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Why We Should Care About Estuaries Like South Slough National Estuarine Research Reserve

Why We Should Care About Estuaries Like South Slough National Estuarine Research Reserve

Tue, Sep 12, 2023

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Did you know? One of the richest ecosystems and most bio-diverse destinations on the Oregon Coast is right in our own backyard? The South Slough National Estuarine Research Reserve (SSNERR) is among the most precious natural habitats on the Oregon coast. You’ve heard us say that Oregon’s Adventure Coast: Coos Bay, North Bend, Charleston is where the land meets the bay and the sea; estuaries like SSNERR are where rivers meet the sea. 

In general, many people do not know the impact that estuaries have on our ecosystem and daily lives until they visit one. Estuaries such as the South Slough are vital to our way of life for the following reasons: 

  • They help to mitigate the devastating impacts of flooding by acting as a natural barrier against storms, while also absorbing and storing carbon. 

  • They provide essential habitats for both commercial and recreational fisheries. 

  • They enhance water quality by effectively filtering out sediment and pollutants.

  • They are nurturing grounds for a diverse array of species, including various fish, shellfish, and invertebrates. Basically, South Slough is a nursery for our dungeness crab, salmon, herring, oystersand other fish species!

Kayaking in the South Slough on a sunny day.

In honor of National Estuaries Week (September 16-23, 2023), here are some fun facts about estuaries and South Slough National Estuarine Research Reserve (SSNERR). 

#1- Much of the South Slough Reserve’s 5,900-acres is forested but it also encompasses a healthy variety of protected wetlands, riparian areas, and open water habitats. 

#2- South Slough has a rich history of habitation dating back thousands of years when the Miluk people established their presence in the region. Echoes of their civilization, such as fishing traps, still endure, serving as reminders of their legacy. Notably, tribal members maintain an ongoing connection and involvement with the reserve, preserving the enduring bond between their community and this cherished land.

#3- Established in 1974, South Slough National Estuarine Research Reserve was the first of thirty U.S. coastal estuaries to join the National Estuarine Research Reserve System.

#4- It is managed by the Oregon Department of State Lands and the U.S. Department of Commerce’s National Oceanic and Atmospheric Administration.

#5- The reserve is a living laboratory where thousands of visitors, researchers, and students come each year to learn about marine science, coastal management, water quality, weather monitoring, climate change, species and habitat research and monitoring, as well as restoration and stewardship projects.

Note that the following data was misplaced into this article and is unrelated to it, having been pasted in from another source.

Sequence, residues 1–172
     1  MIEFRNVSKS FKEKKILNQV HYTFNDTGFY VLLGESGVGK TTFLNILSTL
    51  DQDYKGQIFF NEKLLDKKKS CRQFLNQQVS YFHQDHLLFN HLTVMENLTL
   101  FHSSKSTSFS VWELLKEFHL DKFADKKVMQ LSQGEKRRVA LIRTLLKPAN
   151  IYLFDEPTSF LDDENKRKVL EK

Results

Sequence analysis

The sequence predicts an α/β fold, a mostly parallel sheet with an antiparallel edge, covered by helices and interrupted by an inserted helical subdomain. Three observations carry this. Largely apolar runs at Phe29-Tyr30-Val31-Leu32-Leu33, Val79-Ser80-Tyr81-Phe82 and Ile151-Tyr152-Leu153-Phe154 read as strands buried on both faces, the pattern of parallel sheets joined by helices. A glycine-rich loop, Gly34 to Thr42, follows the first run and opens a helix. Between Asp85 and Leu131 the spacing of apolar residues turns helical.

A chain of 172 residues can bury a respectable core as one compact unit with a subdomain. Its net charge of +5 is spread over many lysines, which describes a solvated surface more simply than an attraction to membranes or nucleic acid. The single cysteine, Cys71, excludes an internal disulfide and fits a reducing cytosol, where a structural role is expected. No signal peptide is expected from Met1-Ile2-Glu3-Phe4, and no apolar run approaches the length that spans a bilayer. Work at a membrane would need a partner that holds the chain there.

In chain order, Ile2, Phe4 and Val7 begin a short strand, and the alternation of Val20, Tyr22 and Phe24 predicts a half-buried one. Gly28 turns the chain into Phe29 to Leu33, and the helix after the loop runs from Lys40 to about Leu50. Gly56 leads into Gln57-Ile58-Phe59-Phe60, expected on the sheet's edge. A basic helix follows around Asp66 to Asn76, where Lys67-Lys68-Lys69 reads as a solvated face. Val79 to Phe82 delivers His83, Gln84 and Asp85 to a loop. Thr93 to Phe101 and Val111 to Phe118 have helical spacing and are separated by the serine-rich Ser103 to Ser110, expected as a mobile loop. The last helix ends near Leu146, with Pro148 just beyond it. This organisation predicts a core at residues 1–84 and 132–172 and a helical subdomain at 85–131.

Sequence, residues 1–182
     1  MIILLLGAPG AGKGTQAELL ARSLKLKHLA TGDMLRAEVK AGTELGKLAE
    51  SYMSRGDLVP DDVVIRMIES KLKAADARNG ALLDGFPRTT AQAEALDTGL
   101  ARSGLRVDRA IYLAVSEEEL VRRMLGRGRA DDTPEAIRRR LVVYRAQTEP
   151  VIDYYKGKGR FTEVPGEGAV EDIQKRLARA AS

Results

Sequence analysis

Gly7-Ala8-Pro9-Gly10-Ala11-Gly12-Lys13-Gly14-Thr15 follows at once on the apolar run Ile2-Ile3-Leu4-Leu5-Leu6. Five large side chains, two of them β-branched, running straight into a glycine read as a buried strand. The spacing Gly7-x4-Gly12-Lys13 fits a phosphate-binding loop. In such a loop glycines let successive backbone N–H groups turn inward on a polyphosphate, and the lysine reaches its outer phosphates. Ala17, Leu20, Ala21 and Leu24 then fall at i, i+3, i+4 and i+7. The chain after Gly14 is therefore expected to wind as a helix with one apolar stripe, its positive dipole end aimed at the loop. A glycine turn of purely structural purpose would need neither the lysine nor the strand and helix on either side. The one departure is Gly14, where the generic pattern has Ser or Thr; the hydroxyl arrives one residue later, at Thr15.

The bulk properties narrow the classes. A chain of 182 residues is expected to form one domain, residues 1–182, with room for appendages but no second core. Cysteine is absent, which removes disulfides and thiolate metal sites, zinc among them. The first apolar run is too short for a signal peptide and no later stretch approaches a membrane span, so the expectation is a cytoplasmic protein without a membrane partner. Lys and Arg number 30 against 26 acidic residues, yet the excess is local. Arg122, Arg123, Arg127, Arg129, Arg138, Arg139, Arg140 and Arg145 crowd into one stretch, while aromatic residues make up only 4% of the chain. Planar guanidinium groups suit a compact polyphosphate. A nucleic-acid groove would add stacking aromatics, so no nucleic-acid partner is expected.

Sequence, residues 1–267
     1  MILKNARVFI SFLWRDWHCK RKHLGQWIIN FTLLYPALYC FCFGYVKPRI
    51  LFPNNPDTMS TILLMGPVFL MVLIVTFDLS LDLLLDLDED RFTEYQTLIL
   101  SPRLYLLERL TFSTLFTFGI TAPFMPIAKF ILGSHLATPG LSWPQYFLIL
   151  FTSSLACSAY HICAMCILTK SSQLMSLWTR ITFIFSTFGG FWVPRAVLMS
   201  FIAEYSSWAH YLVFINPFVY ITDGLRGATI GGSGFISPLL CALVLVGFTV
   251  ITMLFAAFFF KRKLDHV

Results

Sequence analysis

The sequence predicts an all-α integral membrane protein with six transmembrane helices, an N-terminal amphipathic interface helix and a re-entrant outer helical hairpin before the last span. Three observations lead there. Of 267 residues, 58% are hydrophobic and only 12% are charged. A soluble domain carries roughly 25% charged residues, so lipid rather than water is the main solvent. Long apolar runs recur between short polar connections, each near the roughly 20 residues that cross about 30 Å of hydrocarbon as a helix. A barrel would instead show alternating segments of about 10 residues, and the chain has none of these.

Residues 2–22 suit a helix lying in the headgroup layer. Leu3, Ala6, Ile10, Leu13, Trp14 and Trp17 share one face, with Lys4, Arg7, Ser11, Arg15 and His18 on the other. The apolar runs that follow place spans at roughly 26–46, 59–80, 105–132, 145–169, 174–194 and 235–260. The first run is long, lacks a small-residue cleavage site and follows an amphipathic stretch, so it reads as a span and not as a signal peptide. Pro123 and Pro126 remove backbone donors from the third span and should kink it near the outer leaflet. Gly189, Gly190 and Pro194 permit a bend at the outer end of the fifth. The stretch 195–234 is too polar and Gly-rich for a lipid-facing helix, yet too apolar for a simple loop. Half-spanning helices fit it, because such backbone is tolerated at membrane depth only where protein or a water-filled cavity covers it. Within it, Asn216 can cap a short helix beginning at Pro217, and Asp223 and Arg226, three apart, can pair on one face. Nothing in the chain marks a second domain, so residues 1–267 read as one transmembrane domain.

#6- The South Slough Interpretive Center offers visitors numerous learning opportunities and interpretive exhibits on coastal ecosystems, plants and animals, cultural history, and more. Visitors can also enjoy browsing through the bookstore and taking in spectacular views of the estuary and forest. The Visitor Center is open every Tuesday - Saturday, 10 a.m. - 4 p.m. with the exception of state holidays.

#7- Oregon’s estuaries like South Slough National Estuarine Research Reserve helps to sustain young Dungeness crab, salmon, herring, oysters and shellfish. They provide stopovers where migrating waterfowl can rest and find food.

#8- South Slough features well maintained trails and a boardwalk that winds through fresh and saltwater marshes, making it ideal for nature walks any time of the year. 

#9- The estuary’s mudflats where millions of clams, shrimp and worms live just below its surface, are exposed at low tide, making them an ideal destination for birds and mammals to find food. Over time, the accumulation of silt has resulted in these mudflats that are hundreds of feet deep 

#10- Wildlife abounds in estuaries like South Slough National Estuarine Research Reserve. Its forest is home to numerous small mammals, bats, elk, black bear, bobcats as well many species of birds, amphibians and reptiles. The forest streams support the salmon population as well as other native fish, oysters, crabs and beavers. 

#11- The reserve includes open water channels, tidal and freshwater wetlands that visitors may access by kayak and canoe. Water Trails Kayaks and canoes can be launched at Hinch Bridge or in Charleston. A paddler’s brochure is available at the Interpretive Center. Click here for a schedule of their guided tours and other programs. 

#12- The reserve is free for the public to visit; however, there are fees associated with some classes and activities. 

A wooden boardwalk takes hikers through the lower slough.

South Slough NERR is more than a beautiful destination to hike and unwind; it is a living, breathing natural resource dedicated to sustaining the environment and coastal way of life.  The reserve is located at 61907 Seven Devils Road Charleston, OR 97420.  For more information, visit or call (541) 888-5558 for info.

Additional Resources

There is an adventure for everyone on Oregon’s Adventure Coast: Coos Bay, North Bend, Charleston . Be sure to book your accommodations in Coos Bay, North Bend, Charleston early by clicking here . Whether you are on the hunt for awe-inspiring landscapes, thrilling outdoor activities, prime shopping, fine dining, special events, or an evening of entertainment, you will find it here. For more information, please contact the Coos Bay – North Bend Visitor & Convention Bureau .

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(541) 269-0215
50 Central Ave, Coos Bay, OR 97420

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